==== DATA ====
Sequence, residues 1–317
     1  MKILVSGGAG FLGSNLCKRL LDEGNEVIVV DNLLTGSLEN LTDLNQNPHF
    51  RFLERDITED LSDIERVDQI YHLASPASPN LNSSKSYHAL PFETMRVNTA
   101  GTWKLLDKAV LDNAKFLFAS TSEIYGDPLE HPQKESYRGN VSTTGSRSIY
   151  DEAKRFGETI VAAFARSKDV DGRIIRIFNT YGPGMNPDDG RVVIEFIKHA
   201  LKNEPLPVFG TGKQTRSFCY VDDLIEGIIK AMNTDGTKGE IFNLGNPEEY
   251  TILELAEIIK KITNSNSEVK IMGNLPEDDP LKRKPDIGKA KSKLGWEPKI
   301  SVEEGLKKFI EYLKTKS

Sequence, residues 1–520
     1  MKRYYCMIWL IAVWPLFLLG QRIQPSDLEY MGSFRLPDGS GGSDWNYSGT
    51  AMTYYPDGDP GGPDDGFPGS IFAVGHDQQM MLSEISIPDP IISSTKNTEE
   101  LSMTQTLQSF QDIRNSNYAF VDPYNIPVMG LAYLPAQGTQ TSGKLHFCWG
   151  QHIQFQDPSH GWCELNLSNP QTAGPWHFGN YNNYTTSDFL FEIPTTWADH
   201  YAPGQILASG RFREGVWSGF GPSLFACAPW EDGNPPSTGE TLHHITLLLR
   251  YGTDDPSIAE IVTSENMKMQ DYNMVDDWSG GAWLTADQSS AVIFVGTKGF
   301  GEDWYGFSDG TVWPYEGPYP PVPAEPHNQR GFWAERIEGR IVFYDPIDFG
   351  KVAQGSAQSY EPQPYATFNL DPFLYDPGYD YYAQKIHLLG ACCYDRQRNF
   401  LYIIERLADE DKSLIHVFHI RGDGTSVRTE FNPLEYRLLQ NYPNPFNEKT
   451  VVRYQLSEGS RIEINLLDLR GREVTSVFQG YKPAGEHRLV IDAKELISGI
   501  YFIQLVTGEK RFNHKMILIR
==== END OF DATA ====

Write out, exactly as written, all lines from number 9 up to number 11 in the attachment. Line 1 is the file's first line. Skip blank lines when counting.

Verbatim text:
Sequence, residues 1–520
     1  MKRYYCMIWL IAVWPLFLLG QRIQPSDLEY MGSFRLPDGS GGSDWNYSGT
    51  AMTYYPDGDP GGPDDGFPGS IFAVGHDQQM MLSEISIPDP IISSTKNTEE